If there is a criticism to be issued, it is the air of redundancy that sets in after making three films using the same formula: endless cat-and-mouse chases (as exciting as they may be) while being monitored by a situation room of government lackeys flogged by the directives of some bureaucratic overseer—try making a drinking game out of every time somebody utters a variation of "Where is he, people?!" And, the presence of Finney, Strathairn and Scott Glenn only adds to the panoply of middle-aged character actors slotted into the roles of duplicitous government officials throughout the series—give the franchise two more films and you are liable to see Michael Gambon, James Cromwell and Ian Holm.
Still, it is gratifying that the zenith of a summer movie season otherwise headlined by shape-shifting robots and an aging '80s action icon comes in the form of throwback to the espionage thrillers of the 1970s updated as compelling, exhilarating zeitgeist. The shrewdest of the films' many departures from Robert Ludlum's source novels is that Bourne's villains are not external—Chinese nationals, ex-KGB agents and the like—but come from within. It speaks to a country suffering an identity crisis, and like Bourne, redemption only comes from tearing away from the talons of jingoism on a path toward self-discovery.
The Bourne Ultimatum opens Friday throughout the Triangle.
There are more genuine laughs per each of the 87 minutes in THE SIMPSONS MOVIE than any movie you will see this summer. Still, a similar declaration can usually be made about any given Simpsons television episode, so elongating one of them to feature-film length does not by itself make a transcendent feature film.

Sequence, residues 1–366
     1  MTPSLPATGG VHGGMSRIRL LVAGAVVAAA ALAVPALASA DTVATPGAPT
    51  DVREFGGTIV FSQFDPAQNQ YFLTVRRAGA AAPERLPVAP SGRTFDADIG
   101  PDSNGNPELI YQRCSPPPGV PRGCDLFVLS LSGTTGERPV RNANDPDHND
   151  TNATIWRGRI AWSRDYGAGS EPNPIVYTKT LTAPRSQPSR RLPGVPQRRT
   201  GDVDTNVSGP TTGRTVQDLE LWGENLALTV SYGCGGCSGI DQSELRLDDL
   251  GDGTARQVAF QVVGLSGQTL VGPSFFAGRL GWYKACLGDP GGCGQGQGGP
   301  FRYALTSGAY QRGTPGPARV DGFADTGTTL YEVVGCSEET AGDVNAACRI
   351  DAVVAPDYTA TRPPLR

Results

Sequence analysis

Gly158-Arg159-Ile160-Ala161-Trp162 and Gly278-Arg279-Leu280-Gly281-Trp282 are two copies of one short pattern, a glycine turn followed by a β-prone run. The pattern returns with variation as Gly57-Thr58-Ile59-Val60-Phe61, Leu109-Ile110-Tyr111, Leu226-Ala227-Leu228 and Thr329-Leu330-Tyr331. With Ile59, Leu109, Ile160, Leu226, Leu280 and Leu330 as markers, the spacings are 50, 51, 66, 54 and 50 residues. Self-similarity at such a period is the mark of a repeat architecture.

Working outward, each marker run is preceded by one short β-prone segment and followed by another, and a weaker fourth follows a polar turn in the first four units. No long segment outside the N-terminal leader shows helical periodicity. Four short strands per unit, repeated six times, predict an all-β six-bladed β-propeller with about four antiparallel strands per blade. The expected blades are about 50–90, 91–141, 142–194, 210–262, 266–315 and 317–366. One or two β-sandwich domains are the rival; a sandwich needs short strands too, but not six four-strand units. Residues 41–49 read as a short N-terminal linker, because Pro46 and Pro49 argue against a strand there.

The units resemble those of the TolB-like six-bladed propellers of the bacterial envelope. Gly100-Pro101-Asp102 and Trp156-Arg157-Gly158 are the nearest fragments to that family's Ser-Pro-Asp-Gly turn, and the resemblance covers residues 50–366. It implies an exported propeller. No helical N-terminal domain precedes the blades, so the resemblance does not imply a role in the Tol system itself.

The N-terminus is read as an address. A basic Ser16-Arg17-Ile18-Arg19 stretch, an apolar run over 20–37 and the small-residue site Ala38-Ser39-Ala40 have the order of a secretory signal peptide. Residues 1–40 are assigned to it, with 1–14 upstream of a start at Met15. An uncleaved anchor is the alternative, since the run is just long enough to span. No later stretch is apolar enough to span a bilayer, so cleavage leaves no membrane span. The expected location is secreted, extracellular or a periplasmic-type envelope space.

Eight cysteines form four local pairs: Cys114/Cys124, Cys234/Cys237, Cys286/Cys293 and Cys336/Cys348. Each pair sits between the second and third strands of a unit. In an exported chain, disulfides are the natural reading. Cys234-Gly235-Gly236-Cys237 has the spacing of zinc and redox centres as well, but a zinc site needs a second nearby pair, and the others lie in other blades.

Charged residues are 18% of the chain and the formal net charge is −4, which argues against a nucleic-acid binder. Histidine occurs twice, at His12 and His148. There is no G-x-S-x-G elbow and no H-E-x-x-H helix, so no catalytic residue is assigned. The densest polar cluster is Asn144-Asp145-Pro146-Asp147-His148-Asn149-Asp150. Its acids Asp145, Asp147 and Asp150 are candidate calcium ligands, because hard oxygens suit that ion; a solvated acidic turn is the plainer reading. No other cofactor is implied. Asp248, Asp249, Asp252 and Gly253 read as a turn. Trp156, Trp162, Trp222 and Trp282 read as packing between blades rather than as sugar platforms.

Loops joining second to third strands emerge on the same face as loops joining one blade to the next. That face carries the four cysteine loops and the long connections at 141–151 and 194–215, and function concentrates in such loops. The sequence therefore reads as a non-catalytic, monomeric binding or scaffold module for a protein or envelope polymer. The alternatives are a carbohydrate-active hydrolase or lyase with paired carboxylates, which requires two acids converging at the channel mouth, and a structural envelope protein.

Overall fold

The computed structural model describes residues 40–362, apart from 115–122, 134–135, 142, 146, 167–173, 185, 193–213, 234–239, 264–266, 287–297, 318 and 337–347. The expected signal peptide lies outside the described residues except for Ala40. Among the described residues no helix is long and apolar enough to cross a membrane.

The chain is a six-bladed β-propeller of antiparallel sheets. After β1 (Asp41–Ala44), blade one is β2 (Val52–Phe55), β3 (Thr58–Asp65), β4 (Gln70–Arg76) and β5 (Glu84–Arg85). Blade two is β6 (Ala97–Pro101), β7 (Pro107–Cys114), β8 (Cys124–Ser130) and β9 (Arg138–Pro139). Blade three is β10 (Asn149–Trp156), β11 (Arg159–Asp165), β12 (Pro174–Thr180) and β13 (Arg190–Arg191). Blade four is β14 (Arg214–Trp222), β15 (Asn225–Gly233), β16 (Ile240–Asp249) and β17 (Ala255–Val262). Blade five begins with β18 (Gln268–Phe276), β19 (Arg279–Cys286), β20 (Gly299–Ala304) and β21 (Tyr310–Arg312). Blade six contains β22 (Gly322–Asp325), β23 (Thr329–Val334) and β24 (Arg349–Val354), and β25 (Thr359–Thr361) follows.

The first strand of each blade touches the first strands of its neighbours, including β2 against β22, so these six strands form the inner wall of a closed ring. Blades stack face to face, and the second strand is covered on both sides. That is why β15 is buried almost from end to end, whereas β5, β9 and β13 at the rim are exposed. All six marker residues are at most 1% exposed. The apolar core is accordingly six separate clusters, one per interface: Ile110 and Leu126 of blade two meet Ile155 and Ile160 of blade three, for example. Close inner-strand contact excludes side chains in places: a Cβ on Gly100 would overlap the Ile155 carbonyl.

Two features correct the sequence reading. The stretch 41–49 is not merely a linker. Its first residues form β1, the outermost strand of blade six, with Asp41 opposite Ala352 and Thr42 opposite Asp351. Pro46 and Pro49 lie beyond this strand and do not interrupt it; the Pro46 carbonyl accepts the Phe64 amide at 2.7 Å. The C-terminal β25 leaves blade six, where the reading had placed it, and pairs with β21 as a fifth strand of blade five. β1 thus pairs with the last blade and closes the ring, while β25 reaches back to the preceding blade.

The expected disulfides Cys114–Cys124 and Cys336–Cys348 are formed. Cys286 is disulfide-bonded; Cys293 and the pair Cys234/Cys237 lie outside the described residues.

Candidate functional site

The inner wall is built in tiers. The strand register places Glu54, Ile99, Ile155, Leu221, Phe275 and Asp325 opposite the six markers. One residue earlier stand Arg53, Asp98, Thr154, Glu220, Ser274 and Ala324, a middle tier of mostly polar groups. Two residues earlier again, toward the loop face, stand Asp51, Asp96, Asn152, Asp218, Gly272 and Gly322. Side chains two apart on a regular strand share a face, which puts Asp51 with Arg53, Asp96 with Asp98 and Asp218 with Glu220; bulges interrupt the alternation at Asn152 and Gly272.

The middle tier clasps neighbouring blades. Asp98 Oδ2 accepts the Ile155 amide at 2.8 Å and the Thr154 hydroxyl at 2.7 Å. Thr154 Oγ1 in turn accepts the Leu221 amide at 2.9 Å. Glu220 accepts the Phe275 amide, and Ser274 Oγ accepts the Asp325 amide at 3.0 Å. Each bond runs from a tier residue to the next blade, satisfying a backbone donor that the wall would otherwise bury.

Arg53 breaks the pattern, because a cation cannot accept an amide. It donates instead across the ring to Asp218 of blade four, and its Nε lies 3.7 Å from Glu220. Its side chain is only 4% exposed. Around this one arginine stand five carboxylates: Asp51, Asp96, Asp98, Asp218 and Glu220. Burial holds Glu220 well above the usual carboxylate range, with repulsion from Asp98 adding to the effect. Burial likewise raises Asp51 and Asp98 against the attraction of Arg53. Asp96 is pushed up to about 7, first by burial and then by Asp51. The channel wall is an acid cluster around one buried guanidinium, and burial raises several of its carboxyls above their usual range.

In what feels more like a retrospective than a reimagining, Homer draws the ire of his neighbors after he pollutes Lake Springfield to the point that the federal government, led by President Schwarzenegger and his EPA head (Albert Brooks), decides to quarantine the city under a giant glass dome. After being run out of town, the Simpsons briefly relocate to Alaska before returning home to save Springfield from the threat of annihilation.
The cunning wit of creator Matt Groening and Co. remains sharp—Springfield initially tries to address the "irritating truth" about their polluted lake by erecting a security fence around it to keep out potential dumpers. But, revolving subplots about Lisa's search for puppy love, Homer and Marge's martial woes and Bart finding a father figure in the form of Ned Flanders all feel like TV leftovers spiced with a few sound and sight gags that would run afoul of the FCC back on FOX. When Homer opens the movie by chastising the audience for paying to watch something they can see on TV for free, the comment feels more incisive than ironic.
The Simpsons Movie is now playing throughout the Triangle.